Things To Know If Your Small Business Is Expanding Into New Territories

May 08, 2019

Jennifer Hong

Last updated May 21, 2019

For localised small businesses, expanding into new territories (even if it's just within Australia) might be a daunting exercise. New market entry for business owners requires grappling with a lot of ambiguity and market research. While there are many blogs and articles out there, it's mostly vague or high-level advice that is not always tangible to your business growth goals.

So let’s explore more concrete expansion strategies and tools you can incorporate. Because it’s not just about a new location or increasing your customer base. It’s about revamping your business model to scale your operations to the next level and set the foundation for long-term, sustainable expansion.

Creating a Strategic Plan

According to the Australian Bureau of Statistics, about 35% of small companies (20-199 employees) do not have any strategic plan or policy. This number drops to 11% for larger organisations. Needless to say that if you want to become a sizable business, you might want to mimic them. You can start by defining and documenting a solid business plan.

There is no one right way to create a plan but it is advised it contains some core components such as mission, target customers (target market), current financial performance breakdown (revenue streams and costs) and trends over time, flagship products and upsell or cross-sell products, and key partners.

If you are considering expanding into new areas, you can add new market and customer due diligence to your plan to help build and execute successful marketing efforts. Try answering the following questions:

  • Who are the target customers in the new target market?
  • Who are the service providers we are competing with?
  • How can we differentiate ourselves in our value proposition?
  • How do we communicate this to our potential customers?

Enquire about Better Deals with Your Vendors

Small business owners have to be scrappy and look for savings opportunities everywhere they can. Expansion is an expensive effort yet could provide you with a chance to achieve savings long-term.

New customers or new products or both means that you will be increasing your order with your suppliers; More employees means that you’re adding more people to your company’s fleet card, corporate credit card, and health insurance agreements. It’s an opportunity for you to negotiate a better deal or upgrade for a better vendor that could more effectively support your expansion plans.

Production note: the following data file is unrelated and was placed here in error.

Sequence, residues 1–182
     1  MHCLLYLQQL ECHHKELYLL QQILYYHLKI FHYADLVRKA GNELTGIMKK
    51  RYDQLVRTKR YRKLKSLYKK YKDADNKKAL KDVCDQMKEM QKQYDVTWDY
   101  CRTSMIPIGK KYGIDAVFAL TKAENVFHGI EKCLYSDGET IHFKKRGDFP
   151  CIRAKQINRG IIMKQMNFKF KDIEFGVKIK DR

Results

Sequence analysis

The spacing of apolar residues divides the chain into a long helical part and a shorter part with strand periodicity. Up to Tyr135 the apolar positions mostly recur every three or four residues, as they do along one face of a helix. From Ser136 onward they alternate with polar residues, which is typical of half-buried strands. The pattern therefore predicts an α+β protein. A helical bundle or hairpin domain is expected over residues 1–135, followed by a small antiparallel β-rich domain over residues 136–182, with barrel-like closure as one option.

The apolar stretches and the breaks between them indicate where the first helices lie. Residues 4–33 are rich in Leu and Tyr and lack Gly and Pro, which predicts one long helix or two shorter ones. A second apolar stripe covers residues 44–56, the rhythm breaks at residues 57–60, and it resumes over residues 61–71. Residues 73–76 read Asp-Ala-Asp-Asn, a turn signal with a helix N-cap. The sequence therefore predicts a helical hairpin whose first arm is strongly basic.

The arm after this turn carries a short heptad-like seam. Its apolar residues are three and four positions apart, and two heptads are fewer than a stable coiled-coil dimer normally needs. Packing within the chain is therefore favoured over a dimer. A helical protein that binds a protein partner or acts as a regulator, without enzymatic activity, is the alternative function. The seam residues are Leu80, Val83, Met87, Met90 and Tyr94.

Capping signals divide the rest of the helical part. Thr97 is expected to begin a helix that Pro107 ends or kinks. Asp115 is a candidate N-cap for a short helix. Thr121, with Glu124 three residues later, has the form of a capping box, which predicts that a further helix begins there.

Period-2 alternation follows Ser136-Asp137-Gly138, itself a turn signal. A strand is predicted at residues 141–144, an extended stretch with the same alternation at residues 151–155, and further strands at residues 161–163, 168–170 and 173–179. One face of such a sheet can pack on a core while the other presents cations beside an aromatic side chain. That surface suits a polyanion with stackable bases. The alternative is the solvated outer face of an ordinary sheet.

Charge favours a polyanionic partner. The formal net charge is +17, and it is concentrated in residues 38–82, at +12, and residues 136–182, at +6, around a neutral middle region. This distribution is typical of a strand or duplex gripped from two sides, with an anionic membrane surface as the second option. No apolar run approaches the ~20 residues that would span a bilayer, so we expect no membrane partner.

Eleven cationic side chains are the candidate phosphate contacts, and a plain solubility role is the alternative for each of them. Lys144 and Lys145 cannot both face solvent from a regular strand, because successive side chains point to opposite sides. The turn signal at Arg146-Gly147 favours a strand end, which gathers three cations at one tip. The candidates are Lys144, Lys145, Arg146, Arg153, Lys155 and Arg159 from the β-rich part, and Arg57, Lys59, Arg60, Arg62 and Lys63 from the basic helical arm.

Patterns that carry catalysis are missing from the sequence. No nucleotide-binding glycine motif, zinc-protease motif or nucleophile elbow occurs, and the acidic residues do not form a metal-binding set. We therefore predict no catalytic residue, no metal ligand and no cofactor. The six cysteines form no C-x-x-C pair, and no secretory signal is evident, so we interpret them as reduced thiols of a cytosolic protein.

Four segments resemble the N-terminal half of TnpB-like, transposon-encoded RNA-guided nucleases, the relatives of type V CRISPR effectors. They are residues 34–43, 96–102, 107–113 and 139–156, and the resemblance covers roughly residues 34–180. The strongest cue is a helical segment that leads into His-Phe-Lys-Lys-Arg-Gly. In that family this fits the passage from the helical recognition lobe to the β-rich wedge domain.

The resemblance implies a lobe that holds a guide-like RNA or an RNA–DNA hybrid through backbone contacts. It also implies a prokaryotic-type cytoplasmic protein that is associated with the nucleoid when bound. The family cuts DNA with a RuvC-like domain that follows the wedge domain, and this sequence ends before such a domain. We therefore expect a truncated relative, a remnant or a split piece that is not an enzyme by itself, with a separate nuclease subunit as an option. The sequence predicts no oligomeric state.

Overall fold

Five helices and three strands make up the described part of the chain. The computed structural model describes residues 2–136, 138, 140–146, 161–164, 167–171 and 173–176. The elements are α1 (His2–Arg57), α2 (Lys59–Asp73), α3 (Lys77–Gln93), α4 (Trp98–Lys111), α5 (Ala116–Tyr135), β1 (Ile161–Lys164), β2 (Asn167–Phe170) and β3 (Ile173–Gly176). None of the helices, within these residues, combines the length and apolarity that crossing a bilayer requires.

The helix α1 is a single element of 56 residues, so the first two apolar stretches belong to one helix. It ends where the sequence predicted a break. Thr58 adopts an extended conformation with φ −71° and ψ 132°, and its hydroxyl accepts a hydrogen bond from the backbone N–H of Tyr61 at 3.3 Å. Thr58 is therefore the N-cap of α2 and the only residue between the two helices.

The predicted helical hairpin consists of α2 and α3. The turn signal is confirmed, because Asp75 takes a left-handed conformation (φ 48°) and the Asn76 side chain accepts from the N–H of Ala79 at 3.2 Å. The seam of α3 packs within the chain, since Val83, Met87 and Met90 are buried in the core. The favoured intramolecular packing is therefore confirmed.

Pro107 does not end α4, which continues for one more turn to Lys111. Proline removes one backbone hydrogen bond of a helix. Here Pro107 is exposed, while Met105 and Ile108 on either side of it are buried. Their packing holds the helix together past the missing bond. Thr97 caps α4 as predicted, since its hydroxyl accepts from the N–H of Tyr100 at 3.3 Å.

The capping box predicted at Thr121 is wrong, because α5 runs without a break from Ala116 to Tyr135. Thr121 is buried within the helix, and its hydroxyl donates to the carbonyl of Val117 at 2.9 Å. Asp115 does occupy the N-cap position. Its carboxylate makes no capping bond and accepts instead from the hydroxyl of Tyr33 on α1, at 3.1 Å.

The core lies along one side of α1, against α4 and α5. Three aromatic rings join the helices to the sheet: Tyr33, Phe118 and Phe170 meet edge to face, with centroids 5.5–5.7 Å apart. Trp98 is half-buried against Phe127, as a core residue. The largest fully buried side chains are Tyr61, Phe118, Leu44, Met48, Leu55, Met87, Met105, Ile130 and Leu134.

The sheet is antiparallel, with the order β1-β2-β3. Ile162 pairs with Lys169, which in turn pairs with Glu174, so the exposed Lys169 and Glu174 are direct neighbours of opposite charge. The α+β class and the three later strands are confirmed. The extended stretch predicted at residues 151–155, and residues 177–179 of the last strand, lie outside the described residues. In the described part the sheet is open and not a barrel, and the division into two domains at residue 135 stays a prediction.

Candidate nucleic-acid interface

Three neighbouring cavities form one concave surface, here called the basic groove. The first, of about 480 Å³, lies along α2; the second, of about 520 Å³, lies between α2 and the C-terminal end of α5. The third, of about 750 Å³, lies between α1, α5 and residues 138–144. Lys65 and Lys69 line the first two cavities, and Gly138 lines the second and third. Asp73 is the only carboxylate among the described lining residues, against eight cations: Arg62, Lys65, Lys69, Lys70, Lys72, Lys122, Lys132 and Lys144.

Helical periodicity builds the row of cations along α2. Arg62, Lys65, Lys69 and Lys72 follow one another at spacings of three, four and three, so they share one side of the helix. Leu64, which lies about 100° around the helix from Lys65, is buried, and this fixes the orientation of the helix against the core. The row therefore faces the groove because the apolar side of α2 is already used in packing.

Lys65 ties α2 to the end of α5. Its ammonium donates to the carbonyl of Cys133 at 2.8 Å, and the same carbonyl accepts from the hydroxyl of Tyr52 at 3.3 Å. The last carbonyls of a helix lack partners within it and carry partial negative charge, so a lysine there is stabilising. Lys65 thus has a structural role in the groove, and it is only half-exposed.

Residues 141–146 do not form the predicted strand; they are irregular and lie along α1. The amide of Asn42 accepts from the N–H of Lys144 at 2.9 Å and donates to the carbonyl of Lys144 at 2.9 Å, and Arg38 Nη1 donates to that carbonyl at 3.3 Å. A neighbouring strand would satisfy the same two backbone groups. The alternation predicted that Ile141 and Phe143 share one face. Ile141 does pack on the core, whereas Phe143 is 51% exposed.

Vendors want to establish and maintain relationships with growing businesses – their clients’ growth equates to larger contract size down the road. Thus, you have more leverage in this negotiation. Make sure you re-evaluate your fleet card vendors, for instance, as you might be able to sign up for vendors or deals you once weren’t qualified for.

Get Serious about Going Digital

Small businesses using digital tools just 10 hours per week experience a 27 per cent increase in their revenue. Now, ‘going digital’ isn’t anything new. But for small or new businesses, it’s a difficult and intangible goal since they are often overwhelmed with putting out fires almost every day.

So how could going digital actually benefit your business today, rather than in 1-2 years? The answer is to focus on areas with low-value, time-consuming tasks.

Employee expense management, for instance, is a common area that could easily be automated. Speak to your vendors about how they can help streamline your invoice/employee receipt management. For your company fleet, consider using digital GPS tools to keep fuel costs in check. You may also want to consider implementing a more comprehensive and digital CRM tool to help you engage with your growing customer base. Here are some free tools for small businesses recommended by PCMag.

Leverage Government and Industry Resources and Support

The Australian government provides significant support resources to small businesses. They host workshops, provide templates and guides, and offer financial support to small companies with potential. For example, they provide a helpful checklist to ensure nothing falls through the cracks while you prepare for such an important transition.

The government recently invested $2 billion into creating a ‘Securitisation Fund’ to provide loans to small businesses through smaller banks and non-bank lenders as well as a ‘Business Growth Fund’ which enables big banks and funds to take equity stakes in small businesses.

Small businesses employ about 50 per cent of the Australian workforce and make up 33 per cent of the GDP. The government has to be invested in supporting them. So be proactive about receiving the assistance specifically designed for you.

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Jennifer Hong
Helping Aussies see the hidden opportunities in front of them.
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